“You would hope that the date of 25 May 2018 is clearly marked in the calendars of any business, UK or otherwise, that collects or retains personally identifiable data from any individual in Europe,” she said.
GDPR relevant regardless of Brexit
McCormack emphasised that Brexit is no excuse because UK companies will still need to comply when dealing with countries in the EU.
“What’s clear from our report is that a significant number do not yet have it on their radar or simply do not know if it applies to them. The fact they do not know means there is no plan of action in place,” she said.
“While our respondents are not in an IT function, they should still be aware of any new compliance regulations affecting their company’s security and data, especially as the implications of non-compliance are very serious.
“The problem is that many see it as a costly and time-consuming exercise that delivers little or no value to the business, yet, without it, they could find themselves losing customers or having to pay very large regulatory fines.”
UK respondents estimate, on average, that it would cost £1.1m to recover from a data breach – above the global average of £1m – while they estimate it would take 80 days to recover from a breach, compared with 74 days globally on average.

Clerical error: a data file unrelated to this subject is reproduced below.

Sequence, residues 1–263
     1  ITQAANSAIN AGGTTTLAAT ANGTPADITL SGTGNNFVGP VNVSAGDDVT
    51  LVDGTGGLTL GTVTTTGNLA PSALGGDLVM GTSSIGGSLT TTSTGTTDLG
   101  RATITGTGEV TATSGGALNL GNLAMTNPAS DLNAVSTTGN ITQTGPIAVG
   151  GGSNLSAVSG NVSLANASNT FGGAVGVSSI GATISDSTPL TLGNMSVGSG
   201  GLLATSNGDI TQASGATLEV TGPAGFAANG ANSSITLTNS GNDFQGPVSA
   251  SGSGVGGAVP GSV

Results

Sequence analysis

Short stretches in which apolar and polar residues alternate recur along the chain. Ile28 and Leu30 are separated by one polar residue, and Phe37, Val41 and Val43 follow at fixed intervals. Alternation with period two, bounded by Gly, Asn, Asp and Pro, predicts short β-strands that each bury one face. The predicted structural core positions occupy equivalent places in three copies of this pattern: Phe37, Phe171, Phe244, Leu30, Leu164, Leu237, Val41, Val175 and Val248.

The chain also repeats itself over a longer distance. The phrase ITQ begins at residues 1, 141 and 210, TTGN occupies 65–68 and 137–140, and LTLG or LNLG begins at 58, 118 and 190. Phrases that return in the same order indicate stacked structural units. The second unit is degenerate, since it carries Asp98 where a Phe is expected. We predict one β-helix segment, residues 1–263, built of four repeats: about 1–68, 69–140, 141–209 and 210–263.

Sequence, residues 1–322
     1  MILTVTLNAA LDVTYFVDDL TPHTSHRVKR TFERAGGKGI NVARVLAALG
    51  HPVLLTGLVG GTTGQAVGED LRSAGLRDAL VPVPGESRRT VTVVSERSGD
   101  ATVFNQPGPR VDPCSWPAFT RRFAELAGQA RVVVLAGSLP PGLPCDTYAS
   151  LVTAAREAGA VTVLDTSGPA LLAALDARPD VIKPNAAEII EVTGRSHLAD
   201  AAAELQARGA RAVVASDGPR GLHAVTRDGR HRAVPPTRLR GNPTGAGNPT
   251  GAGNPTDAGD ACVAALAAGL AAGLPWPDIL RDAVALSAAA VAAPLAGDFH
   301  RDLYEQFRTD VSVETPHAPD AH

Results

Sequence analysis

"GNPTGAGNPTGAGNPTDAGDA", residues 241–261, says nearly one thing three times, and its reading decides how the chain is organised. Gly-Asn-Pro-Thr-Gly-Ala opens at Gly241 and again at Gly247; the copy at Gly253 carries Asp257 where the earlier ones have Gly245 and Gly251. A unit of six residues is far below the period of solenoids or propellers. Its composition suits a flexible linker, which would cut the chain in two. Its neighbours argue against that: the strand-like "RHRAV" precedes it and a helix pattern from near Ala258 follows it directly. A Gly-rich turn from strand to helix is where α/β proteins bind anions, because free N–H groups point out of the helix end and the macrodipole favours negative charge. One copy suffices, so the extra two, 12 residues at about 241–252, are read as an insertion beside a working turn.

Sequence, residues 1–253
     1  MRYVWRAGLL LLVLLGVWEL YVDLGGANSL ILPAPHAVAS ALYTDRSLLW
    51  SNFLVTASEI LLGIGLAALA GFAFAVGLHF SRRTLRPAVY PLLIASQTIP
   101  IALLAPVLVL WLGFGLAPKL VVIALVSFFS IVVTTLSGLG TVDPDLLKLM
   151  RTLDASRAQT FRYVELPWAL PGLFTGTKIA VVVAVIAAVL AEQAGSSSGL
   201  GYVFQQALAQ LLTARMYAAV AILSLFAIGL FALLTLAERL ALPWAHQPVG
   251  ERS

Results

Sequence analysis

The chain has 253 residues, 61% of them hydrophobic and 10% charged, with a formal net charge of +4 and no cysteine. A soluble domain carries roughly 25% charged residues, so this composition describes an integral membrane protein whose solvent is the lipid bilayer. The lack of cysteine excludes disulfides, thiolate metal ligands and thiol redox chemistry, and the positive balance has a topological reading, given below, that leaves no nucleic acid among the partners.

Around two-thirds (64%) of UK respondents cite loss of customer confidence, damage to reputation (67%) and financial loss (44%) following a breach, while 10% expect staff losses and 9% believe senior executives would resign.
While 63% in the UK “agree” that a breach is inevitable at some point, compared to an average of 57% globally, only 59% said they are kept fully updated by their IT security team about attacks and potential threats to the security of the organisation, compared with an average of 67% globally.
Less than half in the UK (47%) report that preventing a security attack is a regular boardroom agenda item, suggesting that more needs to be done for it to be taken seriously at a boardroom level.
However, 72% of UK respondents said their organisation has a formal information security policy in place, compared with the global average of just 56%.
Nearly two-thirds (65%) of UK respondents said their organisation has an incident response plan, well above the global average of 48%, but just 44% are fully aware of what the incident response plan includes, the survey showed.
One in eight of all respondents believe that poor information security is the “single greatest risk” to the business. The most commonly reported risk is “competitors taking market share” (28%).
According to the global survey, 57% of decision makers believe a data breach is inevitable at some point, and that they expect a breach to affect their long-term ability to do business as well as cause short-term financial losses.
Asked what the biggest impact of a data breach is likely to be, more than half (55%) cite loss of customer confidence. Other expected effects include damage to reputation (51%) and financial loss (43%).